From experience, I also know many prefer a much lower cadence and find it easier to achieve an improved pedal effectiveness score. I will be discussing PES (pedal effectiveness) in more detail in later newsletters.

20 minute Workout:

Follow the Wattbike warm up protocol but ride matching cadence and power targets, leaving heart rate in the back ground to review afterwards.

Final Review

• It may take a few attempts to get it set up for you
• The 6″ sprints when using an Atom could be left out if they don’t work for you due to lag etc
• The warm up will help over time to assess how you’re feeling due to repeatably
• You can use the warm up in many ways and see clear progression over time from heart rate with a set zone, peak cadence to average heart rate and power over the 20 minutes
Thank you for taking the time to read this newsletter and I hope you have found it of some use. The Wattbike is a journey of learning, while improving fitness.

Upcoming Blogs
1. Fitness Testing
2. Getting the balance right between indoors and outdoors
3. Not just for cyclists, how the Wattbike can benefit so many sports from general fitness to Rugby
4. PES – pedal effectiveness score
5. Improving conditioning and using training zones
6. Wattbike PRO – TRAINER – ATOM and the differences and comparisons

Thanks for reading!


Cardio: Endurance Based Session


Cardio within a gym/fitness facility can often be walking or running on a treadmill, not very exciting and for some people, cardio is completely avoided.

But it’s so much more:

Let’s keep this simple, cardio helps strengthen your heart and lungs. Your heart is a muscle that is needed more than any other muscle we have. Improving your cardio will help you improve your endurance from strength sessions, classes and improve daily life like walking.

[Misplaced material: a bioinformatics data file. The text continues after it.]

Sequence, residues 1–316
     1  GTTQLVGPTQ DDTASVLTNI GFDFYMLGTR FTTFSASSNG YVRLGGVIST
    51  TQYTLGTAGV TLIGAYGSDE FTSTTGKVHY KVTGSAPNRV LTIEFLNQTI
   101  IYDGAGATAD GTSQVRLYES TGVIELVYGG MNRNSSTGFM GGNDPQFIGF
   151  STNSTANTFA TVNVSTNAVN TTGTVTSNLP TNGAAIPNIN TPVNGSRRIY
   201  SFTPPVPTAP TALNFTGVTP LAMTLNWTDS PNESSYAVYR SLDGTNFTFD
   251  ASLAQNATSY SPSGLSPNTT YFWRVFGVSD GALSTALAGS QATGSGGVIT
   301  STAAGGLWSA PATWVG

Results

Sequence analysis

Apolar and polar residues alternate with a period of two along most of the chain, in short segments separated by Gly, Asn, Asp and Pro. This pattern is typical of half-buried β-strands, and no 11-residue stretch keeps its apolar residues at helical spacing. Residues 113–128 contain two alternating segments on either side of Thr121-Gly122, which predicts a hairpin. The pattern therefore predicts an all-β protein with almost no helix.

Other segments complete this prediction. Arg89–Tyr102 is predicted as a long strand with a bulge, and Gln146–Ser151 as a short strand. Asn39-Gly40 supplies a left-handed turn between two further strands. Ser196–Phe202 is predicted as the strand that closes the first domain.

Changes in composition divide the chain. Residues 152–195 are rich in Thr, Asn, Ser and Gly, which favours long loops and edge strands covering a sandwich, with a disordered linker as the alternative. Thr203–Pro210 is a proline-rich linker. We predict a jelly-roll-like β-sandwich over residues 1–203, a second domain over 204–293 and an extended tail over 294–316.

But it’s boring:

One of the reasons its seen as being boring and not very exciting is there is often no structure applied to the session, there is no goal and improvement is not measured.

Within a fitness facility kitted out with a large amount of treadmills, cross trainers and rowers etc, we see people jump from one bit of kit to another fairly quickly.

Let’s make it more exciting and worth while.

Firstly you may only ever do cardio as a warm up but even then, it needs structure.

You may do cardio to improve your endurance, conditioning and it’s part of your weekly training. But it needs structure.

You may use equipment like a rowing machine, cross trainer or bike for off feet conditioning like many professionals sports do like rugby for example, but it needs structure.

To make it more exciting and worth while it needs structure, it needs a plan, many have nice sports watches with heart rate monitors but don’t know their heart rate zones. Heart rate based training is a great way to provide structure, motivation and when used alongside other data you can easily track your progression.

Most cardio equipment within a gym will have data such as pace, speed, resistance, time, distance and some even have built in training sessions.

Keep it simple: (example session plan)

Purpose = improve endurance/conditioning for someone new or returning to training.

 Use any cardio equipment which you like.
 Set up the equipment correctly if it needs setting up, this includes learning how to use it.
 Warm up for 10 minutes with the intensity increasing every couple of minutes. Focus on technique and the session ahead.
 By the end of the 10 minutes we should feel a little breathless, on a scale of 1-5 we are looking for 2-3, you can talk but breathless.
 Complete 5-15 minutes at this level of intensity (2-3) , if at any time it feels to hard or or cant talk reduce the intensity.
 Complete 5 minutes cool down (don’t just stop at the end of the main set).

So this session plan is between 20 and 30 minutes so we know how long our session is.

Throughout the session we warmed up, we had a main session and a cool down which provided structure.

We used a simple scale of 1-5 to create and monitor intensity while also offering a regression if the intensity was to high.